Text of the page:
Rebecca Bloomwood (Isla Fisher) is a shopping addict who lives with her best friend Suze (Krysten Ritter). She works as a journalist for a gardening magazine but dreams of joining the fashion magazine Alette. On the way to an interview with Alette, she buys a green scarf. Her credit card is declined, so Rebecca goes to a hot dog stand and offers to buy all the hot dogs with a check, if the seller gives her back change in cash, saying the scarf is to be a gift for her sick aunt. The hot dog vendor refuses but a man offers her $20.
When Rebecca arrives at the interview, she's told that the position has been filled. However, the receptionist tells her there is an open position with the magazine Successful Savings, explaining that getting a job at Successful Savings could eventually lead to a position at Alette magazine. Rebecca interviews with Luke Brandon (Hugh Dancy), the editor of Successful Savings and the man who just gave her the $20. She hides her scarf outside his office, but Luke's assistant comes into the office and gives it back to her. Rebecca knows the game is up and leaves.
Fashion were a British new waveband consisting of Dee Harris, Al "Luke Sky" James, Alan Darby, John Mulligan, Marlon Recchi, and Dik Davis.
The band had two or three eras. The first, from 1978 to 1980, was part of the underground music of the 1970s, while punk was making their last hits in Britain, when the band, named Fàshiön Music, released experimental post-punk rock, like-reggae/ska and funk oriented songs; and was also characterized by the presence of lead vocalist and guitarist Luke Sky, who left in 1980, ending with that first era.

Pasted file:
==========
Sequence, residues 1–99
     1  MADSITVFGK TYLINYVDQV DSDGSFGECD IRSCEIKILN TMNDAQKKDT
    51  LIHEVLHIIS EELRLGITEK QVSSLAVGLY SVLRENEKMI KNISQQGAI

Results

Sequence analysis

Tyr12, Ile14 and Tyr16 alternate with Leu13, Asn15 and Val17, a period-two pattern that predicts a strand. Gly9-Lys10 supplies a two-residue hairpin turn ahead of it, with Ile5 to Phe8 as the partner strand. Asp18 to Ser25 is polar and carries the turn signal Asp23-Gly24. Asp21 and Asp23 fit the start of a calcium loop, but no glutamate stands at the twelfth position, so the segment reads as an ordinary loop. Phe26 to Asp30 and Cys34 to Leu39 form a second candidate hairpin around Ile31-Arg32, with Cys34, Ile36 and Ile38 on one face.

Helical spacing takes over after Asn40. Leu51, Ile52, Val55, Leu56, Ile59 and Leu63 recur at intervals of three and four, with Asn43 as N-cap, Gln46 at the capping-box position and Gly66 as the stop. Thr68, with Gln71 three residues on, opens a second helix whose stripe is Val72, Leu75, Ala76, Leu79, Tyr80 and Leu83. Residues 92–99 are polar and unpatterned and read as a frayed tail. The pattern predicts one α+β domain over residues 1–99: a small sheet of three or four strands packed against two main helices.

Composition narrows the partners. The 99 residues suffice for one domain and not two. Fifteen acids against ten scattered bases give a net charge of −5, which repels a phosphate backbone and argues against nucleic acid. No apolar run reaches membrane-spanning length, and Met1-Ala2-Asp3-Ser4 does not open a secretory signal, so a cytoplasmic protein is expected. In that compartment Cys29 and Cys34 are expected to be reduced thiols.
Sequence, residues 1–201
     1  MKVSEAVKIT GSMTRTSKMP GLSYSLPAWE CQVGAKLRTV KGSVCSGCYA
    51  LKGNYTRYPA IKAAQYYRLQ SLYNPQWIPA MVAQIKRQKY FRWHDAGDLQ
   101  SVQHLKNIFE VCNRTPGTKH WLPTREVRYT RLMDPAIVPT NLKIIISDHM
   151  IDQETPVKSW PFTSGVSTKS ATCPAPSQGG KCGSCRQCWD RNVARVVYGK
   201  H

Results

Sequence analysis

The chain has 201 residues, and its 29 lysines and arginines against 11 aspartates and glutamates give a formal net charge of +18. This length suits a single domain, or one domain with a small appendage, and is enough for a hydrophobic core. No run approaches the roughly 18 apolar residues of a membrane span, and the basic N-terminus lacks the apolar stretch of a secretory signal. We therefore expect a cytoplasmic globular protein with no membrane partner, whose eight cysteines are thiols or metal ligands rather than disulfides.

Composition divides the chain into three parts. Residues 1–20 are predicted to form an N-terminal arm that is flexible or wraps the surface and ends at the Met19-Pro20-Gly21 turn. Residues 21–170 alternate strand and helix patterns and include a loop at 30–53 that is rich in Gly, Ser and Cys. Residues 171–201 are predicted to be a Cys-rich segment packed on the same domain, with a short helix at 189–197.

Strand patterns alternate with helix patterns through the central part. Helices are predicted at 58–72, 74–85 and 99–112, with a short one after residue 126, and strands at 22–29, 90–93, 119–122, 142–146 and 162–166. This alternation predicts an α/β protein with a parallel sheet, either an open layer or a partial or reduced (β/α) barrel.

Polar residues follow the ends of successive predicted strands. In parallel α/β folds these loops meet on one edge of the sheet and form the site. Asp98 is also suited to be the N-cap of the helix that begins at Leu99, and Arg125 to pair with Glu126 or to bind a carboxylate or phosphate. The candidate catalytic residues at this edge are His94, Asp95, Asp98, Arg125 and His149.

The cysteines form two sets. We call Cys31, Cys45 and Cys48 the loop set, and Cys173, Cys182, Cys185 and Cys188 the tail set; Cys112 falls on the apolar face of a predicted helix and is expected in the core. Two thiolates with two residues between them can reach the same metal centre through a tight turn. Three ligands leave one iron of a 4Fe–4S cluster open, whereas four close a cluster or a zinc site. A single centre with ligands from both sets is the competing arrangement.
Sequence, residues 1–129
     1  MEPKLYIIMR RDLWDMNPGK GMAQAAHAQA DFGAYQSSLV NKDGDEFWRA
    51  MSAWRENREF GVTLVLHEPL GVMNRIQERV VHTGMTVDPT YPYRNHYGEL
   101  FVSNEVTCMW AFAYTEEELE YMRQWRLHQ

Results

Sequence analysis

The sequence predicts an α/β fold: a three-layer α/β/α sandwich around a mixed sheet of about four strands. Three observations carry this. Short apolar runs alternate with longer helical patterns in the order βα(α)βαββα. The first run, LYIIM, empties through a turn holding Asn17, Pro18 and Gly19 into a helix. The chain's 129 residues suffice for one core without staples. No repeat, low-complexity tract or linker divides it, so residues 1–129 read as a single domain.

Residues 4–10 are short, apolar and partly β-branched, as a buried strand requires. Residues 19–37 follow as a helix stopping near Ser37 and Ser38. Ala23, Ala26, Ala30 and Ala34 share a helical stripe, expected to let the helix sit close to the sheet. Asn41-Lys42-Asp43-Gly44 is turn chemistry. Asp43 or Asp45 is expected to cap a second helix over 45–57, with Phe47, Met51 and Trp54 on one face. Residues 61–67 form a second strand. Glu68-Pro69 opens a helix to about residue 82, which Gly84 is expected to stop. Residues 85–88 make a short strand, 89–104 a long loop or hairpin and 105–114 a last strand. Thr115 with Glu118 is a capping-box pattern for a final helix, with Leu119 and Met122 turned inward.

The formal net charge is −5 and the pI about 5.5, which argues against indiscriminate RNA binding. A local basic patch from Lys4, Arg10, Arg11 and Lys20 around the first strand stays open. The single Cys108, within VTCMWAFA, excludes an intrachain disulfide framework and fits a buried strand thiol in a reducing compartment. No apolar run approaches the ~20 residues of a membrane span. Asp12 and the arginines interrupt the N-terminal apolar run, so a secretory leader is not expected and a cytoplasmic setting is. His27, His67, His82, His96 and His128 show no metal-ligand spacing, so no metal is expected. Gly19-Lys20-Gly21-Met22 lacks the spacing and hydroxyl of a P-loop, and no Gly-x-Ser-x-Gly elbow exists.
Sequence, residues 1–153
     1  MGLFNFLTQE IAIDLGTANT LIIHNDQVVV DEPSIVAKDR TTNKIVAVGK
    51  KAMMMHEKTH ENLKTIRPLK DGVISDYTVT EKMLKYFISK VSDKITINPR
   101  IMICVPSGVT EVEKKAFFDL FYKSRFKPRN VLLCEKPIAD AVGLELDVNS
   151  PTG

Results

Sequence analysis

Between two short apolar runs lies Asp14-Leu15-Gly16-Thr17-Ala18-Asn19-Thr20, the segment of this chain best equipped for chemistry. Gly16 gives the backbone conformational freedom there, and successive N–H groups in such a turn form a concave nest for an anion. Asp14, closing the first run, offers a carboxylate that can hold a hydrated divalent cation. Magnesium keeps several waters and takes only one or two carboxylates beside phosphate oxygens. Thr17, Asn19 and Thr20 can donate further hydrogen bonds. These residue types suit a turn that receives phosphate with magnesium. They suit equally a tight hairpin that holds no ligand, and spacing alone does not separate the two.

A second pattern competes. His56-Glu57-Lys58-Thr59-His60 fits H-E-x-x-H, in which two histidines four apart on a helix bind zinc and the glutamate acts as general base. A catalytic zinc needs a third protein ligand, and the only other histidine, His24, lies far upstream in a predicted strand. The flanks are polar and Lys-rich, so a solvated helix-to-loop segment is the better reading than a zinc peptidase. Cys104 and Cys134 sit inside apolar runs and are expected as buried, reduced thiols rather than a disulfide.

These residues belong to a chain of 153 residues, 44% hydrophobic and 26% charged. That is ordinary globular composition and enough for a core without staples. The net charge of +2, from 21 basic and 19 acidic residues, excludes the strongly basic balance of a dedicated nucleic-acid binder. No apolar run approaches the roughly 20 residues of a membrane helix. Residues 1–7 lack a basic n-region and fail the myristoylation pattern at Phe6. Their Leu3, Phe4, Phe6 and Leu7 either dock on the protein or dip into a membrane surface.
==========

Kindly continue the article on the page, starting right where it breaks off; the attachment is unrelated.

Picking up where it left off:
Post-punk years: Fàshiön Music
Fashion was formed originally as Fàshiön Music, in Birmingham, England, in 1978, and consisted of John Mulligan (bass, synthesizer), Dik Davis (drums), and Al James (lead vocals, guitar). James became known as Luke Sky, or simply Luke or Lûke (short for "Luke Skyscraper" - a reference to the Star Wars character Luke Skywalker and the fact that James was tall and thin), while John Mulligan was known simply as Mulligan and Davis as Dïk. At that time, they also founded their own Fàshiön Music label, and they released their first three singles: "Steady Eddie Steady", "Citinite", and "The Innocent".
Santa (1932) is the first Mexican narrative sound film. It was directed by Antonio Moreno and starred Lupita Tovar, based on the novel of the same name by Federico Gamboa. In 1994, the Mexican magazine Somos published their list of "The 100 best movies of the cinema of Mexico" in its 100th edition and named Santa its 67th choice.
A gorgeous and humble Mexican girl name Santa Tovar is being cheated by her arrogant husband, soldier Marcelino. After being rejected by family and friends she finds shelter in a whore house and becomes a bitter and cynic woman.